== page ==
I taught a lot of students that would report back to me that they were seeing this kind of behavior at school events and sports events, pep rallies.

— Caroline Heavican

When it comes to issues of school culture, it is imperative that solutions remain community-focused. Restorative justice is a conflict resolution technique that accomplishes exactly this: it aims to redress harm to those who have been affected and allow offenders to take responsibility for their actions, instead of doling out consequences for breaking the rules.

When Rainier Harris, a former student of Regis High in Queens, New York, reported that his classmates were engaging in racist behavior in 2019, the school administration responded by scheduling multiple assemblies and classroom discussions and facilitating a conversation between Harris and his primary offender, who apologized to Harris after acknowledging what he did wrong.

“Restorative justice doesn’t allow an institution to simply remove the bad apples,” Harris said in an article for the New York Times. “It inspires solutions that achieve value and respect for everyone. It forces an institution to look at community-oriented solutions that make everybody uncomfortable, not just those who are involved. But it’s the only way real change can be made.”

Restorative justice doesn’t allow an institution to simply remove the bad apples.

— Rainier Harris

In a letter issued on Jan. 25 by SVUSD superintendent Crystal Turner, Laguna Hills High was said to be taking wider action by advising bystander students to “redirect [racist] language and report it to school administration” and by having administration attend athletic practices “to discuss the seriousness of the incident with players and coaches.”

While these measures are a good first step, they are ultimately remedial and not preventative solutions. People should not aim to be bystanders but anti-racist advocates, and administrators should be talking about more than just how serious the event was; conversations should focus on why students felt comfortable making such comments in the first place.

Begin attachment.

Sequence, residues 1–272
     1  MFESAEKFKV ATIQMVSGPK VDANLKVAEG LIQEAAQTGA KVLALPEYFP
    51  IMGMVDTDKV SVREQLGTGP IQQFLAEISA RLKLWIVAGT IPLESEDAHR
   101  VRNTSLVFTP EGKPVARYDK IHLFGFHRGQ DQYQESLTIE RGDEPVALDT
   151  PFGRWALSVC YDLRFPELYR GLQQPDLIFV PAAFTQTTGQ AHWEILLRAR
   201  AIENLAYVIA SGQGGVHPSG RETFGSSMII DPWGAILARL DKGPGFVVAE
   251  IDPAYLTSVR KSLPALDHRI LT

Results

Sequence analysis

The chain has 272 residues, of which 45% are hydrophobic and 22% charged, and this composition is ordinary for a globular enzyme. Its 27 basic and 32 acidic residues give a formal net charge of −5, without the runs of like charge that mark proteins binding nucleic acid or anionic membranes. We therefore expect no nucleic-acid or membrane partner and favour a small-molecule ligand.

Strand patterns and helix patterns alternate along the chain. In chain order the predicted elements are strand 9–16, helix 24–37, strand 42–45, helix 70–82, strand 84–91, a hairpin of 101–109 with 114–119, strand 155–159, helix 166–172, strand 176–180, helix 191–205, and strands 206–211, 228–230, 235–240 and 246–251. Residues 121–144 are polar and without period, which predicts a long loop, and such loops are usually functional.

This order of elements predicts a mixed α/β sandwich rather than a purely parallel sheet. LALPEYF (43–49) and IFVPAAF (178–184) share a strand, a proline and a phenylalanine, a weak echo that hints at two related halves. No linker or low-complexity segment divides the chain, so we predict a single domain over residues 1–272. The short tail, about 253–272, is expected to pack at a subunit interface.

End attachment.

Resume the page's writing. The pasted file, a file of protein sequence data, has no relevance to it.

Curricula in every subject can also accommodate dialogues about race and the history of racism. Doing so prevents these topics from existing in a vacuum and helps students understand that their identities should not be separated from their education.

While staff and administrators should be the ones to formally facilitate these discussions, student leaders can also take the initiative to encourage anti-racist behavior within the student body. ASB staff liaison and junior Jett Fukuda volunteered to create a district-wide student council, in which representatives from all IUSD high school ASBs would tackle race-based issues and design guidelines for student sections at athletic games.

“We, as ASB, are the Associated Student Body, and what’s most important is to make sure everyone feels safe and accepted on campus all the time,” Fukuda said. “And things like this highlight that that’s not always true, so what I want to do is make students’ voices heard and be able to effect change outside of just our campus.”

Discipline and punitive measures do not incite change; radical education and empathy do. By understanding how identity impacts education, and supporting students as they apply lessons from the classroom to the world around them, communities can better prepare their children to become informed and responsible adults.

Yes, this is who we are now — but we have the power to decide who we will become.